According to a new Carbon Brief report China’s carbon dioxide (CO2) emissions have grown at their fastest pace in more than a decade, increasing by 15% year-on-year in the first quarter of 2021, new analysis for Carbon Brief shows.

The post-pandemic surge means China’s emissions reached a new record high of nearly 12bn tonnes (GtCO2) in the year ending March 2021. This is some 600m tonnes (5%) above the total for 2019. The CO2 surge reflects a rebound from coronavirus lockdowns in early 2020, but also a post-Covid economic recovery that has so far been dominated by growth in construction, steel and cement. (5)

In the first quarter of 2021, Chinese emissions from fossil fuels & cement production have grown by 14.5%, relative to the same quarter of 2020. Even against the pre-pandemic first quarter of 2019, January-March 2021 posted growth of 9%, showing that the increase this year is not only a rebound from the impact of lockdowns in 2020.

The latest increase helped push China’s emissions to a new record high of nearly 12GtCO2 in the 12 months to March 2021, as shown in the chart below. This is nearly 600MtCO2 (5%) higher than the total in 2019, which was unaffected by the coronavirus pandemic. (5)

As the Covid19 lockdown emissions were due to outside influences & did not allow China to continue on it’s development trajectory 2019-2020; data has now had to be compared to the 2019 baseline, as the 2020 baselines have been altered by the Covid19 pandemic.

With power demands in manufacturing & in particular in cement production & construction soaring; the first quarter of 2021 saw a 70% increase in emissions due to the increased use of coal, 20%  due to growth in oil demand & 10% due to fossil gas demand.

Some 60% of the increase in coal use came from the power sector, with the metals industry (15%) & the building materials sector (10%, cement & glass) the next largest contributors. (5)

Despite China’s pledges for a Carbon Neutral economy by 2060, the countries cumulative emissions have continued to grow exponentially over the past ten years. This has subsequently been fueled by a global need for exports in a post-pandemic world, ramping up their manufacturing capacity & increasing their CO2 emissions in the process.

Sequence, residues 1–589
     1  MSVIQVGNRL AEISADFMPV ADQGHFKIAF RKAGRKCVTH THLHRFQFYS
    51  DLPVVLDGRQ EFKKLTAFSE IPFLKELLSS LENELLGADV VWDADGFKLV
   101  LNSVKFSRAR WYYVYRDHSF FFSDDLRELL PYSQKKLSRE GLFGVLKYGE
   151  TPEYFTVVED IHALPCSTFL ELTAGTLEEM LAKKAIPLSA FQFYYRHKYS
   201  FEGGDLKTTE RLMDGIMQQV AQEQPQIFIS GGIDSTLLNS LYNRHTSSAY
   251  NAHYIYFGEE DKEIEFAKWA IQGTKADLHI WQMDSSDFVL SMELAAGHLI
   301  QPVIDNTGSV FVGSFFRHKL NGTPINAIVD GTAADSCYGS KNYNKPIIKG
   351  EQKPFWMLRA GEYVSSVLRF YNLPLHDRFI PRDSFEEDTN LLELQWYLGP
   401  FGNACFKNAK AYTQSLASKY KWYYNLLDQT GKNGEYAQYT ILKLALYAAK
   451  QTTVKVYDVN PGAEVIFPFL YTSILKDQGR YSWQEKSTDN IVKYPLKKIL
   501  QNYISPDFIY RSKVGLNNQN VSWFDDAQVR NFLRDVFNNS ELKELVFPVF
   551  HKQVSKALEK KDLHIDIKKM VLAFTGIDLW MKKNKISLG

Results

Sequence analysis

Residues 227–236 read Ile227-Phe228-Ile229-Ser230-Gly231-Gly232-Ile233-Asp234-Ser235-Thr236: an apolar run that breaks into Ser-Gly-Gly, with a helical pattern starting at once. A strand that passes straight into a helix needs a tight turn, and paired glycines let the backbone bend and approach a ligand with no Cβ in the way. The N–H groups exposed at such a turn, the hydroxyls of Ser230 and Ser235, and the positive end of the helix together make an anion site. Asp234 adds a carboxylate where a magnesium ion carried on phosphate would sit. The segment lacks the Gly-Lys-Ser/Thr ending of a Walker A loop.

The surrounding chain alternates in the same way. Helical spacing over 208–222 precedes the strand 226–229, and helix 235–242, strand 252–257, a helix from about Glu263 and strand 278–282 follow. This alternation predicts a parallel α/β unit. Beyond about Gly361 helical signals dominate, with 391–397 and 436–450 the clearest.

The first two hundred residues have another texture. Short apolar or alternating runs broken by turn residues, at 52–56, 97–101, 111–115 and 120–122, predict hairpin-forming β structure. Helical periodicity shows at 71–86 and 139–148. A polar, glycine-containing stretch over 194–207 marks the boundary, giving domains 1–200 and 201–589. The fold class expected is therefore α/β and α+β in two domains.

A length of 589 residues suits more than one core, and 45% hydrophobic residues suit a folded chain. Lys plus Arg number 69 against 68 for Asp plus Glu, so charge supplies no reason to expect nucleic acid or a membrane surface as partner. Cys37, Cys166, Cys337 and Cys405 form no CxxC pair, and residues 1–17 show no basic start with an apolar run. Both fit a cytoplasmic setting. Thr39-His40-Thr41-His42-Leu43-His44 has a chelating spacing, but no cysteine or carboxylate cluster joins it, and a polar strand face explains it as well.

In March 2021, the Chinese Government set out it’s 14th Five Year Plan. It set targets for an 18% reduction for “CO2 intensity” & 13.5% reduction target for “energy intensity” from 2021 to 2025. For the first time, it also refered to China’s longer-term climate goals within a five year plan & introduced the idea of a “CO2 emissions cap”, though it did not go so far as to set one. (6)

With the 14th Five Year Plan concentrating on the peak emissions being set around 2030-2035, Professor Ji Zou, chief executive and president of the NGO Energy Foundation China (EFC), says that these targets do not “come easy” but that he is “totally confident” that China will achieve the peak emissions target before 2030.

A study from December 2020 reviewed the available scenarios under which China could reach net-zero emissions by 2060. It concluded that an 18-20% reduction of CO2 intensity during the 14FYP period would put the country on the trajectory towards carbon neutrality by 2060. (6)

Written & cited by Katy-Jane Mason for & on behalf of Dolphin N2.